The Cepia Club Blog

The Cepia Club Blog: The Cepia Club believes individual awareness and activism can lead to a peaceful and prosperous world. This blog contains the pertinent literature, both creative and non-fiction, produced by the Cepiaclub Director and its associates.

Tuesday, July 31, 2007

More on Presidential Politics

More on Presidential Politics
Clublog–July 31, 2007

In the June/July issue of Foreign Affairs, the premiere of the premiere magazines on US foreign policy, Obama's name appeared as the author on the lead article of the issue. Romney appeared as the author of the immediately following essay. Both Obama and Romney attempted to express their foreign policy vision and positions. Some things about both leading candidates, Foreign Affairs magazine and its publisher, the Council on Foreign Relations can be explored further. This entry builds on the two entries from yesterday (July 31st) on the 2008 Presidential election.

From reading Obama’s foreign policy ideas, and from other public campaign statements, a person should ask: "Yes, regaining America's position and influence in the world is definitely necessary, but what are your ideas for making that work? What are the details, please? Enough ‘bright and shining’ phrases (from the Neil Sheehan book, The Bright Shining Lie: John Paul Van and the US in Vietnam). I want something concrete and practical.” The entire FA article was a very long sound-byte. There was far too little of specific or practical programs or policies. Nothing comprehensive tied together a workable and good grand strategic theme, all of these impressions, of course, being merely my opinion.. Unfortunately, if Obama had the lead article, and Romney's came second, the US therefore might have the two Establishment-picked candidates that will be on the ballot in Nov. 2008 You can look back at anointed” ones who received strong Council of Foreign Relations approval. They usually turn out to be the major party nominees. It might be because David Halberstam's “powers that be” in the media pick up on that support and carry it further. It is a widely known fact that numerous owners and managers of media organizations possess some connection to the CFR.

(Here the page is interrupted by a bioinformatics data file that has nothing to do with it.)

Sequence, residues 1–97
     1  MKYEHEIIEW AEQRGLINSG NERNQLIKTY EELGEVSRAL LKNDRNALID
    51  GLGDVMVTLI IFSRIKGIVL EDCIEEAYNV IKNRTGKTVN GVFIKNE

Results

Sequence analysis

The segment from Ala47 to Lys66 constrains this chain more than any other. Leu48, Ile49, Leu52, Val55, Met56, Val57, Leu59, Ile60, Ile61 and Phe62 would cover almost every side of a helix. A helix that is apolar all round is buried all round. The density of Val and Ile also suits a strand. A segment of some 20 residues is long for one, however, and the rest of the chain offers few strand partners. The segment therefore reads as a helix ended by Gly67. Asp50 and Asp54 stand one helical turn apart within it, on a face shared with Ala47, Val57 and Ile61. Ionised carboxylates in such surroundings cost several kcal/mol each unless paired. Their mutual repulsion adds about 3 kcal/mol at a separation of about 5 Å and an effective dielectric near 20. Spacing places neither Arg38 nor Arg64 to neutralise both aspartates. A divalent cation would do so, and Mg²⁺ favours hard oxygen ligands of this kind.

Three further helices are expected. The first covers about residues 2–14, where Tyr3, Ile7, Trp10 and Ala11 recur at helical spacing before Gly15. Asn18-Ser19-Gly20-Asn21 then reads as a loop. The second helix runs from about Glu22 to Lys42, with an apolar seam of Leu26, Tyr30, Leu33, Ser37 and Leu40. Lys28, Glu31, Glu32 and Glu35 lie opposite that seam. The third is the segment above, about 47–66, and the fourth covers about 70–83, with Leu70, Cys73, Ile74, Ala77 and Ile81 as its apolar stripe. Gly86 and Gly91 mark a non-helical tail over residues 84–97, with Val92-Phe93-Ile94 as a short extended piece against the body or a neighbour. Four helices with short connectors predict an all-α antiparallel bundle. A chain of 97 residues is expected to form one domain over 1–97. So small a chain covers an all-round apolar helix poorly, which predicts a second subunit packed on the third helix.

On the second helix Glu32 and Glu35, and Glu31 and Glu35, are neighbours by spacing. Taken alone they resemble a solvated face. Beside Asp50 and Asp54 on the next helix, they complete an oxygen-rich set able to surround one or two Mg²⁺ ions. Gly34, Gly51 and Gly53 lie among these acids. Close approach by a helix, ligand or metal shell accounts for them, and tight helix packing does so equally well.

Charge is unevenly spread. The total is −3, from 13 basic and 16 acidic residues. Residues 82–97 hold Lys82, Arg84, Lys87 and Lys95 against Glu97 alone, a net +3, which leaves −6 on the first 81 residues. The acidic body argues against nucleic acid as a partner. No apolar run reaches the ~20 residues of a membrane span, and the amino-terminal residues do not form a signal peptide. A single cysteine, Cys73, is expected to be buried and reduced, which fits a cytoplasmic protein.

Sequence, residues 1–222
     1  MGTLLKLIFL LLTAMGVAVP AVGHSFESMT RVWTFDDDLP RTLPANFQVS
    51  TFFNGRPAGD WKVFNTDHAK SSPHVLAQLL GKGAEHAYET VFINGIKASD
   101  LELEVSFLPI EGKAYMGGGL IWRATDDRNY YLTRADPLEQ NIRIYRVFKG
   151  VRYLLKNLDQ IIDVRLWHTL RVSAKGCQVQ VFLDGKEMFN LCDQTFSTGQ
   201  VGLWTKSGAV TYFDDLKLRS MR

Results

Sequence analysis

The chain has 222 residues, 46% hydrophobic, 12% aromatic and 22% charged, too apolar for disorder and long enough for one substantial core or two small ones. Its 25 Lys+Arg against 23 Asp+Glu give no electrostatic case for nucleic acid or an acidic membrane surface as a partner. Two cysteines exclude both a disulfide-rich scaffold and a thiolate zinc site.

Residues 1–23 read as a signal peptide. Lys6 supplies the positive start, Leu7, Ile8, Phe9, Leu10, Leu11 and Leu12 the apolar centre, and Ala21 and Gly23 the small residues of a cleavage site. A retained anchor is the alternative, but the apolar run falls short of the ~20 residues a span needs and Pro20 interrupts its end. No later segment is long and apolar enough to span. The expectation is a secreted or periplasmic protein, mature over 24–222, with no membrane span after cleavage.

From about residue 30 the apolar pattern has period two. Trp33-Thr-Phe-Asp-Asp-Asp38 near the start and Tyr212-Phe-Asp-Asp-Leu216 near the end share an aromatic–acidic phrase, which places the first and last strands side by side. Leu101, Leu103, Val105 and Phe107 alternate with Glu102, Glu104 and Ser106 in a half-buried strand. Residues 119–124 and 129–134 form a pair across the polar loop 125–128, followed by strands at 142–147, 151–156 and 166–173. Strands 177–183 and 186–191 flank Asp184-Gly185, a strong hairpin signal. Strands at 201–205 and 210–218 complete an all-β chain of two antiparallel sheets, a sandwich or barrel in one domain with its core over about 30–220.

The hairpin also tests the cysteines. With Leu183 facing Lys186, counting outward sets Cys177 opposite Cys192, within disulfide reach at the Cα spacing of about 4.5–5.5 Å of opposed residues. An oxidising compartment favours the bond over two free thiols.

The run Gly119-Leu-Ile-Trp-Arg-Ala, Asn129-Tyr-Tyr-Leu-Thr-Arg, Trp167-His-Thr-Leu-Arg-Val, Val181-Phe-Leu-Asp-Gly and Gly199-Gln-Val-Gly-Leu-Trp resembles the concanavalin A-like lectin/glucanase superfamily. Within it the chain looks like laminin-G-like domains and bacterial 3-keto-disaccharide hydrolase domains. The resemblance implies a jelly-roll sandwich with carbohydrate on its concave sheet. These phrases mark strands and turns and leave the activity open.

We are losing our republic of enlightenment to the democracy of the mob. And mobs are always incited by influential groups and individual manipulating and exploiting them for their own ends. It gets worse and more disheartening every two and four years. Policy gives way to politics (not at all related to "the politics of war and peace,” called grand strategy). Common good is overcome by partisan spoils. But in the end, the real benefits accrue to those smart enough to exert influence subtly, behind the scenes, both parties and the political system. These “opinion makers” already own or have access to a lot of wealth. While national policy has the marriage of the Military-Industrial-Legislative Complex (which includes food and energy consortiums) dominating government operations, it is the “Opinion Complex” within that which produces the propaganda generate public consent for it. Such control of the print and broadcast media consortiums are one critical reason why freedom of speech and equality of access and use of the Internet world is so important for the future of liberty: It defies control in its current form and disseminates dissent and alternative facts.

A recent example of the MIL and Op-ed complexes is the 2006 elections and the actions of the Congress that was elected. It should not surprise anyone that so little progress has been made on US foreign policy and the current wars: The new Congress is the same made of the same political class that was either reelected or reinforced with more of their own kind. The failure of executive and legislative (and, one can clearly see, judicial) leadership on the global war on terror, Afghanistan and Iraq–stemming from the complete selfishness of both parties–remains the true core of all problems or war policy and its implementation. The reason should be all too clear: There is too much at stake for the entire complex to disrupt the domestic system as it is. Consequently, gridlock is costing thousands of dead and wounded, Iraqis AND Americans, and allies, every month.